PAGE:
This chert side-blow knife is from near Qena, Egypt. They are called side-blow knives because the flake blank for the tool is much wider than it is long, and these proportions were further enhanced by retouching. They emerge by ca. 7500 at the Dakhleh and Kharga oases and become common throughout Egypt and northeast Africa soon after, persisting at least until the early Predynastic period, ca. 5000 BP. This example is from the Dendera Temple complex, Egypt, but probably predates the famous temples and necropolis.
The edge of this knife was carefully resharpened by well-executed pressure flaking, and the resulting acute edge-angle suggests it was used for cutting rather than scraping.
This side-blow knife is curated in the UNE Museum of Antiquities, catalogue number MA2003.18.1.
Side-blow knives are similar in morphology, use-life, and chronology to fan scrapers (or ‘tabular scrapers’) from the Levant. Side-blow knives were likely used in similar ways to fan scrapers, which use-wear analyses show were used for butchering and processing animals. They correlate with the appearance of domestic animals (sheep and goats) in the Levant, and some archaeologists have proposed that fan scrapers are a ‘secondary product of domestication’. A side-blow flake was interred in a grave in the Naqada II period, ca. 5300 BP and fan scrapers, along with Canaanean blades, were imported from the Levant into northern Egypt during the Predynastic Maadi period, ca. 5000 BP. By Early Dynastic times, ca. 4500 BP, butchering tasks were apparently accomplished primarily with bifacially-flaked knives, as side-blow knives dropped out of use.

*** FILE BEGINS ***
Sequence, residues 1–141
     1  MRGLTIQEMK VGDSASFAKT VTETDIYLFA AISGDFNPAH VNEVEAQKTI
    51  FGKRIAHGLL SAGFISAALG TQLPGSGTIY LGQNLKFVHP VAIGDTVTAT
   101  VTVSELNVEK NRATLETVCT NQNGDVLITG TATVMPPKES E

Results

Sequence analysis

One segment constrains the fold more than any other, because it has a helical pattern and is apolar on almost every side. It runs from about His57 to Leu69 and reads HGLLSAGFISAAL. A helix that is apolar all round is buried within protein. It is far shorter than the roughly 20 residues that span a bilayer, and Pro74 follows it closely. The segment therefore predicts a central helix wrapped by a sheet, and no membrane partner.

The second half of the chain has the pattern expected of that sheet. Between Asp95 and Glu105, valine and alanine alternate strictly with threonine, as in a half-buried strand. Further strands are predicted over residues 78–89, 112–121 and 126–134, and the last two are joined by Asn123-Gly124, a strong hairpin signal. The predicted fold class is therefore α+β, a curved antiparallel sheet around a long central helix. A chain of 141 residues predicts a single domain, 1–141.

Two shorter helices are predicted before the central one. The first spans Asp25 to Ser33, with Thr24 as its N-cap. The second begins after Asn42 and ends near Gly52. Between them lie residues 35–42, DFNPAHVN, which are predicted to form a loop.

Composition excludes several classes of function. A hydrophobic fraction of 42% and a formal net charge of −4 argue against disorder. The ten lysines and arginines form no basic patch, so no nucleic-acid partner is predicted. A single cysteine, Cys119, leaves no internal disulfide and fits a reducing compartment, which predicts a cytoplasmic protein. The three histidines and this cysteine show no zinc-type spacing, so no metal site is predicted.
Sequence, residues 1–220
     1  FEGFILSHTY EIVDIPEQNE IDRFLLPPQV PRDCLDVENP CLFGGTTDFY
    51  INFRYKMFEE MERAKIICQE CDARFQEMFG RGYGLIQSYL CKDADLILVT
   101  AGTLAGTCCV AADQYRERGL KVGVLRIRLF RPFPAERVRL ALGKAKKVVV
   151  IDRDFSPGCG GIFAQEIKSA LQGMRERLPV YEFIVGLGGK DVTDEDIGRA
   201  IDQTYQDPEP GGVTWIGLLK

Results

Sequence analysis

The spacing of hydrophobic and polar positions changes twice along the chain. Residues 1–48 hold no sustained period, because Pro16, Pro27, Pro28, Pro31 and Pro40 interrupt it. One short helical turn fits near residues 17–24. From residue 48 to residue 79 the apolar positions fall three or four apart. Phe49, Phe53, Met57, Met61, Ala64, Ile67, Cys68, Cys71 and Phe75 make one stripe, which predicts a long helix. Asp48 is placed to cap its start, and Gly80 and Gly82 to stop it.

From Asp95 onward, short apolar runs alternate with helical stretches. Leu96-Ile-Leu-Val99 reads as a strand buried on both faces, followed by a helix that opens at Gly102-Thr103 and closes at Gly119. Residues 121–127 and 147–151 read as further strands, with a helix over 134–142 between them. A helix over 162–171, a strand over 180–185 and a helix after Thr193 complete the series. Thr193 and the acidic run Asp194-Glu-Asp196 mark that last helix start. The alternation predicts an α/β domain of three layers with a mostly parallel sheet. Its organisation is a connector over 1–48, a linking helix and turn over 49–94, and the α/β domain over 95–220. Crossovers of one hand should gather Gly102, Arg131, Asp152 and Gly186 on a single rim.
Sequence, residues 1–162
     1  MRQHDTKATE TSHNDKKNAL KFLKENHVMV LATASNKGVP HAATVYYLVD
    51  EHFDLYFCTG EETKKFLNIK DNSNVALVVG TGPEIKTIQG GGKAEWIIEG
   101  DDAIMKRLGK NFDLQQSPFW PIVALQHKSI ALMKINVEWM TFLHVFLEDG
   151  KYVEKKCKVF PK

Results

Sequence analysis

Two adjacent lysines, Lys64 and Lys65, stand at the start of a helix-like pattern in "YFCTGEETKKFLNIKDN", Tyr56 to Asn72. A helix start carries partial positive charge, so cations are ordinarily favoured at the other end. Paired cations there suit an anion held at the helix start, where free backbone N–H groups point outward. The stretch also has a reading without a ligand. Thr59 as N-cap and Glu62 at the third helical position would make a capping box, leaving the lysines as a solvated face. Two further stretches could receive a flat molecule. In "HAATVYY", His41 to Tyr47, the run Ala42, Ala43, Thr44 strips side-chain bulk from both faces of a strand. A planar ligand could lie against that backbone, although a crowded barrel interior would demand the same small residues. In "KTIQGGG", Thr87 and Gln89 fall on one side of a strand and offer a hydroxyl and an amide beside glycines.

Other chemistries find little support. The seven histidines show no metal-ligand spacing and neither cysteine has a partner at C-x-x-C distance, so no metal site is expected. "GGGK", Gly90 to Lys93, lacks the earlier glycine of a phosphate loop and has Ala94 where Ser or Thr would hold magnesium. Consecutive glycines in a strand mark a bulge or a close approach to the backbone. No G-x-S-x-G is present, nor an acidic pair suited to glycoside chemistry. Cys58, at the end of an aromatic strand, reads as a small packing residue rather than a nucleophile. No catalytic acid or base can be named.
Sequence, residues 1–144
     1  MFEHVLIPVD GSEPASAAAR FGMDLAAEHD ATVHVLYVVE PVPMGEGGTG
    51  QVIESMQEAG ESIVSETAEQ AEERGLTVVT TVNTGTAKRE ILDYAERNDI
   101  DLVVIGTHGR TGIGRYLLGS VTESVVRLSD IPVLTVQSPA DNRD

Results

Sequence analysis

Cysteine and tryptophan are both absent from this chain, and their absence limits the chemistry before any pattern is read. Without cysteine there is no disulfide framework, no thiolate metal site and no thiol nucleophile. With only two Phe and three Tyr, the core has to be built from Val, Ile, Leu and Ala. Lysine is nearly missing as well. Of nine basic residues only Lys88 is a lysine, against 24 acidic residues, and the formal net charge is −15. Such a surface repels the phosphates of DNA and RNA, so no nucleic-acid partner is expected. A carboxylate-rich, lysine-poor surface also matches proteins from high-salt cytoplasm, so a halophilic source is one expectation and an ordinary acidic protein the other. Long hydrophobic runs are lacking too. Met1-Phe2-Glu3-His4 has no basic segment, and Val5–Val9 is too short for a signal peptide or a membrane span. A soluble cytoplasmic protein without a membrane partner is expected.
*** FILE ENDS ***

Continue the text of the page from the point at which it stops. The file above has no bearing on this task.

The fan scrapers in the Levant were made by striking the flake blank from the cortical surface of large chert (flint) nodules. In contrast, the side-blow knives in Egypt were made by striking flakes in series from the same location on the core, much like slicing a loaf of bread. Each blow was precisely behind the preceding blow, which enhanced the prominence of the bulb of percussion and gave the flake a distinctive ‘gull wing’ shape when viewed edge-on. Unlike fan scrapers from the Levant, which have a flat, cortical dorsal surface, the Egyptian fan scrapers/side-blow knives have a concave dorsal surface (the negative bulb from the prior flake removal). The manufacturing technique is unusual, but broadly-similar flake removal strategies emerged independently in Australia (the gull wing method for making Tula adzes), Japan (the Setouchi technique for making Kao knives), and south-central Texas (’sequent flake unifaces’ of the Early Archaic period).